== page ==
On another point you made, which is a fair cop, two distinct types of analysis spring to mind. One is the effort to comprehend, the other is critical scrutiny. I'm not dead against it but I'm weary of the latter type. I guess there's a middle ground which is meditation and discussion but scrutiny still tends to politics, pride and crippling rigidity.

    Regardless, there's art you like and art you don't like, and I'm not suggesting you withold feedback. So give advice or criticism to someone who wants or needs it or whatever, but not from the context of 'the trouble with poetry'. Whatever it is the point of these expressions would be lost. To my mind 'the trouble with poetry' is another excuse to bash artists with analysis instead of leaving them to it, never mind why they do it. I really think that's the trouble with poetry, or rather, with poets. I'm interested to know how others interpret that question.

    /haiku :)

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  9. So what is the trouble with poetry? Snobbism? Is it becoming (as Ezra Pound warned) prose with line breaks? Too many allusions? Allusion-less? Too many Collins types of poets or too few? Maybe just too many poets.

    The trouble with poetry is that far too few people read it regularly. We who read the prompts and offer our poems at this site are probably all avid readers of poetry. We think poetry, We write poetry. We write poetry. It is a part of our make up and who we are. But venture out there into the "real" world and look around. How many of your neighbors read poetry? How about those you work with? Poetry is not part of the average American's life once school has been completed.

    After 9/11, poetry surged in popularity. There were articles in newspapers and online that talked about people turning to poetry for comfort. Undoubtedly, Google saw more poetry action than ever before. In a time of crisis, poetry provided something for people who would otherwise not bother to pick up a book of poems. Why then and not now?

    I don't think it's snobbism or elitism. I think many people just don't see themselves as needing or wanting poetry. Poetry does take work. It forces the mind to engage in a way that is very different. Is that why people aren't interested? Who knows?

    What are you views about this? Why are so few of us commited to poetry? We all know why it speaks to us, but why are there so few of us?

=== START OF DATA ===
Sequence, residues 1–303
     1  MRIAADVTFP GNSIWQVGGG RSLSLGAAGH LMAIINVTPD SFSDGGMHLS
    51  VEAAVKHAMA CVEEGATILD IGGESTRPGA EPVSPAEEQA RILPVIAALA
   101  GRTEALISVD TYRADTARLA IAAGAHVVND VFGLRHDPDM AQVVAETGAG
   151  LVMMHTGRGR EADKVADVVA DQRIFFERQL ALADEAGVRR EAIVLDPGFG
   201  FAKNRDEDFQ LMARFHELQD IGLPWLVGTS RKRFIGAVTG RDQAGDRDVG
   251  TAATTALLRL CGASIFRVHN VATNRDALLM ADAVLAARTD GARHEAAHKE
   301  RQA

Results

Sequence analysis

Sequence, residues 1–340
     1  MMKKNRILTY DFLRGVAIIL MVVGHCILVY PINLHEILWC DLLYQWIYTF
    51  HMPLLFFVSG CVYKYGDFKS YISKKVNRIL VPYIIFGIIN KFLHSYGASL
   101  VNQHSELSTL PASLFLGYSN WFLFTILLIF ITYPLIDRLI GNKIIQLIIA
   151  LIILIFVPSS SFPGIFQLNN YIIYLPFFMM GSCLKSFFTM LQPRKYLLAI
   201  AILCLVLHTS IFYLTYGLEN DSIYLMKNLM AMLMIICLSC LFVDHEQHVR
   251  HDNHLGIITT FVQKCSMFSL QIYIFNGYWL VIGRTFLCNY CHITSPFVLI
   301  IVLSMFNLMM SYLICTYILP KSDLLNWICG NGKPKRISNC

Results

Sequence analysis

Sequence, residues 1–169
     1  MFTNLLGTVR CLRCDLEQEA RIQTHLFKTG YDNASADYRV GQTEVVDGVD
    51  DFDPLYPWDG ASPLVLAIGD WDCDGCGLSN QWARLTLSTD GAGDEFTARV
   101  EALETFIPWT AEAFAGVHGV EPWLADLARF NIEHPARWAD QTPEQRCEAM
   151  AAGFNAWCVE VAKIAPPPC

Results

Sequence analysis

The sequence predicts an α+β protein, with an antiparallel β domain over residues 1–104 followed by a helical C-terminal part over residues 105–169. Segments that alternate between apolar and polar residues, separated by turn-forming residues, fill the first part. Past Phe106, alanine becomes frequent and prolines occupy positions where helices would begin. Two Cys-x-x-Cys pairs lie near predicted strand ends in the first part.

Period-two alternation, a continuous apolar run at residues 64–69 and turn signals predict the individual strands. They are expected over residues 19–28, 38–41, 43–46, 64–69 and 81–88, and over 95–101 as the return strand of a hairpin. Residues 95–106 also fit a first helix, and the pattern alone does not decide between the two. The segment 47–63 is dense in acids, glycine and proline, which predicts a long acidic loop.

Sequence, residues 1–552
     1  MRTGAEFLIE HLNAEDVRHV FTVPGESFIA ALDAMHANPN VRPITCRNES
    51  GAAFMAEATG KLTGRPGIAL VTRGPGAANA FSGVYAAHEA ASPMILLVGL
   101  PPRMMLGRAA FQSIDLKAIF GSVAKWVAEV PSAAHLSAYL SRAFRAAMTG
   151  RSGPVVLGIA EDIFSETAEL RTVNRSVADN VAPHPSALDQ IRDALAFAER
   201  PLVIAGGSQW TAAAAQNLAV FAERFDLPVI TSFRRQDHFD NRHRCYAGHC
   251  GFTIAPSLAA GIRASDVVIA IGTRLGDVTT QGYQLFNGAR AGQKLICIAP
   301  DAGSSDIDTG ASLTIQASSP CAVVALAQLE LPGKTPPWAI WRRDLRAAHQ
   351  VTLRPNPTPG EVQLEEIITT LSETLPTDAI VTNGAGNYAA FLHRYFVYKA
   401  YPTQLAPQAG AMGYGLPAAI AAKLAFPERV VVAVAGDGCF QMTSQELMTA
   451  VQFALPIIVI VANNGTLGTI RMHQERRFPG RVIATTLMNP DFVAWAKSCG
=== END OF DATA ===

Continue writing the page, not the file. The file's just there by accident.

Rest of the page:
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  10. Collins was on NPR's All Things Considered, November 6, 2005 ·

    "Poet Billy Collins admits he's a thief. Instead of nabbing jewelry and picking locks, he pilfers from other poets. At least that's what he claims in his new collection, The Trouble with Poetry: And Other Poems. Collins says the central theme of poetry is death. He manages to ruminate on this in a manner both whimsical and poignant. That approach helps explain how, along with critical acclaim, Collins also has gained a broad popular fan base -- a rare feat." You can listen to the segment at
    http://www.npr.org/templates/story/story.php?storyId=4990320

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  11. Poetry can be intellectually demanding, but the reason Americans don't read more of it is that poetry evokes emotion. Deep, honest, scary feelings. Not like flag waving or Mom's apple pie. Somehow we are a country of Hallmark sentiments, embarrased by genuine gut hanging out emotion.

    There's also the anti-culture factor; if an occupation isn't practical or materially productive it's an insult to hard-working Americans. If you want to read something inspiring, read the "Good Book." James Dickey tells of a conversation with his seat mate on an airplane. The guy talked about his business and then asked Dickey what he did for a living. Dickey said he was a poet. That was the end of the conversation.

    Other countries know the power of poetry and their people memorize it. They have been saved by it. But not here; we don't trust it. "Why can't a poet just say what he means straight out? What's with all that sissy stuff?"

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  12. I know your poem "Today" is about your feelings about spring, but what is the diction in this poem?